Book Acquired Recently: Stephen Beachy’s Some Phantom/No Time Flat

Beachy, Stephen. Some Phantom/No Time Flat. 2006. Portland: Verse Chorus, 2013.

I received this diptych of novellas in the mail from amazon.com yesterday, and read Some Phantom immediately and No Time Flat this evening. Both are excellent; I read the first one (which I greatly enjoyed in part because it takes place in Salt Lake City) and thought “Wow, the second one can’t be as good,” but I was wrong.

Some Phantom is about a woman running from an abusive relationship who ends up in Salt Lake City, gets a job as a teacher’s aide, and becomes obsessed with one of her students. The city’s geography is an essential element of the story–sparse, dry, malevolent. It reminds me a lot of the austerity of Janet Kauffman’s writing, even though she virtually never writes about urban environments. Beachy does a fantastic job depicting the exciting seediness of the stretch of State Street between approximately 700 and 1900 South.

No Time Flat involves some of the searing themes from Beachy’s best novel, Boneyard: illicit gay sex, much of it involving bondage, and the thin line between pain as pleasure and pain as violence. It reads as serious fiction, but it arouses like the best pornography, too. The experience of reading it is still too fresh for me to be articulate about it other than to say that I highly recommend it.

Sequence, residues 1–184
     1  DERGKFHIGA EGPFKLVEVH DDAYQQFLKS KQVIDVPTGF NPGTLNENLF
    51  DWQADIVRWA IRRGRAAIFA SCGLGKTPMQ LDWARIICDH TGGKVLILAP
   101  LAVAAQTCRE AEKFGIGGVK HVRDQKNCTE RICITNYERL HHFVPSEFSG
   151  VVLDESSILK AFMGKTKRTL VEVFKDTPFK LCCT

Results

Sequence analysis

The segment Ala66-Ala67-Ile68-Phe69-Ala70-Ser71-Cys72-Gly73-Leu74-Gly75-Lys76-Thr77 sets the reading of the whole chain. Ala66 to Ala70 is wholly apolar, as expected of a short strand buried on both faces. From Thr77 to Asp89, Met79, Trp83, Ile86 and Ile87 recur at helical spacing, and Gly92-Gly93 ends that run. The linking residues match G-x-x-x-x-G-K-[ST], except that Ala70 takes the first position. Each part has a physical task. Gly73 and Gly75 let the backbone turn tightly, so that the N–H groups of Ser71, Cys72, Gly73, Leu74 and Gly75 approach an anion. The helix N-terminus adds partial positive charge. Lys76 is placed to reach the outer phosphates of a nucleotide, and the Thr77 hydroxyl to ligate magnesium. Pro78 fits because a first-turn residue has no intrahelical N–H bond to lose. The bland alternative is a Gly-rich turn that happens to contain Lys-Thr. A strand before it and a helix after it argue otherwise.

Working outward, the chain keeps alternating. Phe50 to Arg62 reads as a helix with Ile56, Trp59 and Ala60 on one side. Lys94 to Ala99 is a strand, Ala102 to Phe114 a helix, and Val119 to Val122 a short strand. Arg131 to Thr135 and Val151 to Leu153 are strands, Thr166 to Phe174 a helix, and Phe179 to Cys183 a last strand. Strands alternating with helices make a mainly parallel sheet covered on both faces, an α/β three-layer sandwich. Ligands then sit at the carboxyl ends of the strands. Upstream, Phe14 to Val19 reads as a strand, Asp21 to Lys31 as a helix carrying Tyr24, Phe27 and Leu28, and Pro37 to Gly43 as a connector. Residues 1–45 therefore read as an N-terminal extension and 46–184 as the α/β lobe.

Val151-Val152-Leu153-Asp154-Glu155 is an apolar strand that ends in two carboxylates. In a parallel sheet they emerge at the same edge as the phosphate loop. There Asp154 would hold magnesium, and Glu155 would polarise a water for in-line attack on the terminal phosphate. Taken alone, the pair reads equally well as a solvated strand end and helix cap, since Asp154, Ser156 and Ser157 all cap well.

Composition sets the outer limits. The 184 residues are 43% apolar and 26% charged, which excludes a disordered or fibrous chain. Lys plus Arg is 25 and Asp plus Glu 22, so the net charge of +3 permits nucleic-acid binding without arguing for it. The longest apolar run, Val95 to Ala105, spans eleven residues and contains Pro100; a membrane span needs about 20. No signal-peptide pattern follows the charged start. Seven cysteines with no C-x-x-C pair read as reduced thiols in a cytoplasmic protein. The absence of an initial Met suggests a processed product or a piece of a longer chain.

Published by danielshankcruz

I grew up in New York City and lived in Lancaster, Pennsylvania; Goshen, Indiana; DeKalb, Illinois; and Salt Lake City, Utah before coming to Utica, New York. My mother’s family is Swiss-German Mennonite (i.e., it’s an ethnicity, not necessarily a theological persuasion) and my father’s family is Puerto Rican. I have a Ph.D. in English and currently teach at Utica College. I have also taught at Northern Illinois University and Westminster College in Salt Lake City. My teaching and scholarship are motivated by a passion for social justice, which is why my research focuses on the literature of oppressed groups, especially LGBT persons and people of color. While I primarily read and write about fiction, I am also a devoted reader of poetry because, as William Carlos Williams writes, “It is difficult / to get the news from poems / yet [people] die miserably every day / for lack / of what is found there.” Thinkers who influence me include Marina Abramovic, Kathy Acker, Di Brandt, Ana Castillo, Samuel R. Delany, Percival Everett, Essex Hemphill, Jane Jacobs, Walt Whitman, and the New York School of poets. I am also fond of queer Mennonite writers such as Stephen Beachy, Jan Guenther Braun, Lynnette Dueck/D’anna, and Casey Plett. In my free time I’m either reading, writing the occasional poem, playing board games (especially Scrabble, backgammon, and chess), watching sports (Let’s Go, Mets!), or cooking (curries, stews, roasts…).

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